WASHINGTON — In a surprise move, the Humane Society of the United States and the United Egg Producers announced an agreement July 7 meant to act as a roadmap to the future of the egg industry.
The duo formed an agreement that they want Congress to pass that would become the first federal law to address the treatment of animals on farms.
“This agreement is historic and unprecedented. It is a pathway for economic success in the egg business,” said Wayne Pacelle, CEO, the Humane Society of the United States said during a news conference.
He added this proposal could become the first national law to set standards for animal production in the United States.
“Instead of a patchwork of laws in different states, there will just be one law,” Pacelle said.
The UEP will be using audits in years to come (UEP producers undergo regular audits currently) to ensure the new regulations are enforced by UEP.
The federal law if passed would prhibit the sale of eggs and egg products that don’t meet the requirements.
The two groups will jointly ask Congress for federal legislation that would require egg producers to increase space per bird in a tiered phase-in, with the amount of space birds are given increasing, in intervals, over the next 15 to 18 years.
The retrofitting of the barns is expected to cost more than $4 billion nationwide.
If the agreement becomes federal law, it would supersede the standards under consideration by the Ohio Livestock Care Standards Board, or other state laws including those passed in Arizona, California and Michigan, according to the HSUS.
In recognition of ballot Proposition 2 passed by voters in that California in 2008, UEP and HSUS will ask Congress to require California egg producers — with nearly 20 million laying hens — to eliminate conventional cages by 2015 (the date Prop 2 is scheduled to go into effect), and provide all hens with the space and “environmental enrichments” that the rest of the egg industry will be phasing in over the next 15 to 18 years.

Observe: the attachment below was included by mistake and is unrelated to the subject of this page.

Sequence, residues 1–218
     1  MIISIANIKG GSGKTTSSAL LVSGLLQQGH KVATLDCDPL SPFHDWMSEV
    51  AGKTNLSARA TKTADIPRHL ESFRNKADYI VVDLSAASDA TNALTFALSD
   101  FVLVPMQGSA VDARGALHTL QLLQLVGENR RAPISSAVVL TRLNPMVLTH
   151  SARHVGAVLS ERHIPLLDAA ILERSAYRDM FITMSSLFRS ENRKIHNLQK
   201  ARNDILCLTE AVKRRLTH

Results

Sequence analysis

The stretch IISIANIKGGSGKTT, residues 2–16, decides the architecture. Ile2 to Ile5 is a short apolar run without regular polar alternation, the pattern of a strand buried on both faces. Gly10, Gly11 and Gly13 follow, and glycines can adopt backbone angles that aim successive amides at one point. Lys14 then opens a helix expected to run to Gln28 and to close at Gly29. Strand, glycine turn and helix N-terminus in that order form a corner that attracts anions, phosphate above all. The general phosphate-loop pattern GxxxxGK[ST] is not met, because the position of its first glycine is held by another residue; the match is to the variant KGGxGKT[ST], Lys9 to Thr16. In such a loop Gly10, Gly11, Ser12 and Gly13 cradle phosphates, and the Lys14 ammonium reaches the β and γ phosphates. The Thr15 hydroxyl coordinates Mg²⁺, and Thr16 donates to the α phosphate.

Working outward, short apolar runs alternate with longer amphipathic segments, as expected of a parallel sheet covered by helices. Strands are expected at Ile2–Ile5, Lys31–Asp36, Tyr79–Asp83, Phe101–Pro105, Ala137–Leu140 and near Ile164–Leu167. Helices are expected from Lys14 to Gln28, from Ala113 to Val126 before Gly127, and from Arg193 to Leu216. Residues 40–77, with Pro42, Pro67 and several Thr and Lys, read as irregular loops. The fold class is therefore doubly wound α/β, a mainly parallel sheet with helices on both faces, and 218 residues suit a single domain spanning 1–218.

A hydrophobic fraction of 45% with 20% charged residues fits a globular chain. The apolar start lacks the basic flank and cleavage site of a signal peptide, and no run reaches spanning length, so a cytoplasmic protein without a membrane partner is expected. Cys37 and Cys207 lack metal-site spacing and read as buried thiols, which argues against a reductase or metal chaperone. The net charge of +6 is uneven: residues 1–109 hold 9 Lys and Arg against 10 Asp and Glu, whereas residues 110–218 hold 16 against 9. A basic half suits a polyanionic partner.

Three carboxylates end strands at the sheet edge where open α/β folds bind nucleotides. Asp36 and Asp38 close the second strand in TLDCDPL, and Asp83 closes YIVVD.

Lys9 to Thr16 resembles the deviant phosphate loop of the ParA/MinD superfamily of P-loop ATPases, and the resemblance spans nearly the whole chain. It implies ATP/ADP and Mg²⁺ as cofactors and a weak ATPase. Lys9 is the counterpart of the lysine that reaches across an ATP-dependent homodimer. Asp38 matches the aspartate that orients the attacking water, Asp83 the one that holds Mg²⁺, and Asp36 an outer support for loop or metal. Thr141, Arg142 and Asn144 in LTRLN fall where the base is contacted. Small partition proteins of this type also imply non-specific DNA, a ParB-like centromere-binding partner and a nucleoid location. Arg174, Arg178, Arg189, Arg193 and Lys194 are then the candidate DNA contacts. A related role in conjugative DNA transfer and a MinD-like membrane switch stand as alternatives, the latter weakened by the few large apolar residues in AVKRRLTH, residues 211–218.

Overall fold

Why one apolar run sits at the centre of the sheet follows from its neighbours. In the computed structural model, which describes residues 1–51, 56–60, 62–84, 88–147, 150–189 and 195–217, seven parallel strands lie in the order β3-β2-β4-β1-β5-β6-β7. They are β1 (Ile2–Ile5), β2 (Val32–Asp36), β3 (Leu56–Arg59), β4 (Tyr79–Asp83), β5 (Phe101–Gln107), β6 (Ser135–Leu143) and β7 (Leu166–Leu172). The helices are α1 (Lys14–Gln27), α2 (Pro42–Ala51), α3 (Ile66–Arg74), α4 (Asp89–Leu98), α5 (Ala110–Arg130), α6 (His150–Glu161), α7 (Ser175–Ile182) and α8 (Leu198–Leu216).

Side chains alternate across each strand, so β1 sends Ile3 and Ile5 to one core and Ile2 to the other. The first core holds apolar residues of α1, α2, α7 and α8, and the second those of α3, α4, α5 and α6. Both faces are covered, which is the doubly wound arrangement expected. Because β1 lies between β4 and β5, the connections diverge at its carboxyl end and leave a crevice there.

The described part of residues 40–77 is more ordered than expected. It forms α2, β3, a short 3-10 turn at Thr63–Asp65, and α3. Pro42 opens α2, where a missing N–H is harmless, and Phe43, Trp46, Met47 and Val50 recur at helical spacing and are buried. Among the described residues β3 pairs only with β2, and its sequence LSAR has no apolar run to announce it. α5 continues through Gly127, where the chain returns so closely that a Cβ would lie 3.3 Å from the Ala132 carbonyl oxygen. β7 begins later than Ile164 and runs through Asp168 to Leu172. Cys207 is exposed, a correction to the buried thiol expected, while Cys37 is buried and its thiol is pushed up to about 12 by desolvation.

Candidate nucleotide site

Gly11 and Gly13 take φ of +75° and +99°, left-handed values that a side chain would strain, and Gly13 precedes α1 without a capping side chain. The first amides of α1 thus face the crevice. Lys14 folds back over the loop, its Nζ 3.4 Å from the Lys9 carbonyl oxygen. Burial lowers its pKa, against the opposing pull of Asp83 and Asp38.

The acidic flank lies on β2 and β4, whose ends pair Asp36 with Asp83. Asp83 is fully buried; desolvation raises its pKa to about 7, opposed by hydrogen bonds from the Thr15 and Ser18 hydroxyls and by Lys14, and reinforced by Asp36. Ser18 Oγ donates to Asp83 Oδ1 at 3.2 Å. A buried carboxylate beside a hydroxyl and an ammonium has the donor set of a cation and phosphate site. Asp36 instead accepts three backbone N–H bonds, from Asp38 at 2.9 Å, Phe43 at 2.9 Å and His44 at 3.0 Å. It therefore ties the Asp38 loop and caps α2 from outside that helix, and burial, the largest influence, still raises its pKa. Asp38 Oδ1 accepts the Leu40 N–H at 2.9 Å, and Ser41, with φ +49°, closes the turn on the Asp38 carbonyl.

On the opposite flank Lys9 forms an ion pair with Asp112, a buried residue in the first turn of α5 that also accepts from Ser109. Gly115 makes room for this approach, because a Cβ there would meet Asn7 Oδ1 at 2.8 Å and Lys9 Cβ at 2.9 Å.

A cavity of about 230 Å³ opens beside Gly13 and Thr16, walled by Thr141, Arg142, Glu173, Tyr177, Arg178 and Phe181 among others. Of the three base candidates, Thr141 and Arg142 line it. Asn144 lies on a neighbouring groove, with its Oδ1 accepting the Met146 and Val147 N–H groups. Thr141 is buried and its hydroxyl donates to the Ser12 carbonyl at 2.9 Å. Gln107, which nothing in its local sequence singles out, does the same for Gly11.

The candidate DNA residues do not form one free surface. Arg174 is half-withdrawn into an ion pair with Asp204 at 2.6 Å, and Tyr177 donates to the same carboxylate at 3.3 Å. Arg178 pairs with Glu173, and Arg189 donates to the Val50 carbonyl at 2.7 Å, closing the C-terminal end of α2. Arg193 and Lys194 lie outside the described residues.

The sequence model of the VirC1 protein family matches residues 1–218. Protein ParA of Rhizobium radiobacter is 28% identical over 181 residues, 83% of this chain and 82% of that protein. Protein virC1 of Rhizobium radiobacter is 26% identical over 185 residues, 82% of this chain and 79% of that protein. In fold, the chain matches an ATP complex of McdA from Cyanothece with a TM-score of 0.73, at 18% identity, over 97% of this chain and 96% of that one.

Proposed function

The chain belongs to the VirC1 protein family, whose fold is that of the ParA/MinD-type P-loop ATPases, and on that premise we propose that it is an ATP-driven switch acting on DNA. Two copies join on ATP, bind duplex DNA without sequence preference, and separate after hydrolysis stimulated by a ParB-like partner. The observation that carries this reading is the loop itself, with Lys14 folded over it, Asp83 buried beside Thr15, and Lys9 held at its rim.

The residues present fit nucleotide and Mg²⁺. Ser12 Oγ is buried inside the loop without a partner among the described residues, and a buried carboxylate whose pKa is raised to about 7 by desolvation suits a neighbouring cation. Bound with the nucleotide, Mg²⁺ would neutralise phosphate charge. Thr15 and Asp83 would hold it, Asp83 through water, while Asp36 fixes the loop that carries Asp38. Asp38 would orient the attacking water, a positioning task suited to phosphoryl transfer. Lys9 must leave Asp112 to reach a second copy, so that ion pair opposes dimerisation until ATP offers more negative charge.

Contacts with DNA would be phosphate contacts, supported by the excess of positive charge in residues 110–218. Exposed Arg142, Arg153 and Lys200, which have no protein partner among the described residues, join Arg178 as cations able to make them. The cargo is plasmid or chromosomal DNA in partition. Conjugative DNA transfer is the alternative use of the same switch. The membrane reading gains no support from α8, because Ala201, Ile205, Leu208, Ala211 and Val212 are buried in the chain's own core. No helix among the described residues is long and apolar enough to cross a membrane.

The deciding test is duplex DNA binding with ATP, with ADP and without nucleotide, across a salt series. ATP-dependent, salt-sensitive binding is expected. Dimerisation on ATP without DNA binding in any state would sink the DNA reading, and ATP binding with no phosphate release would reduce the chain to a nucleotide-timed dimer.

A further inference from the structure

These requirements would also apply to the sale of all eggs and egg products in California under the proposed federal legislation.
Currently, the majority of birds are each provided 67 square inches of space, with roughly 50 million receiving 48 square inches. The proposed phase-in would culminate with hens nationwide being provided a minimum of 124 to 144 square inches of space, along with the other improvements.
The improvements include requiring all egg-laying hens be provided the ability to exhibit natural behaviors through the enriched housing system. The housing units will include perches, nesting boxes and scratching areas.
“America’s egg producers have continually worked to improve animal welfare, and we strongly believe our commitment to a national standard for hen welfare is in the best interest of our animals, customers and consumers,” said Bob Krouse, chairman of UEP and an Indiana egg farmer.
Krouse said the trade organization represents 80 percent of the egg producers in the United States and stated the group was not dragged into the agreement kicking and screaming.
“We are committed to working together for the good of the hens in our care and believe a national standard is far superior than a patchwork of state laws and regulations that would be cumbersome for our customers and confusing to consumers.”
(Be sure to check back, as the Farm and Dairy staff will continue to update this story. In addition, check out what the Ohio Poultry Association is saying about the announcement.)
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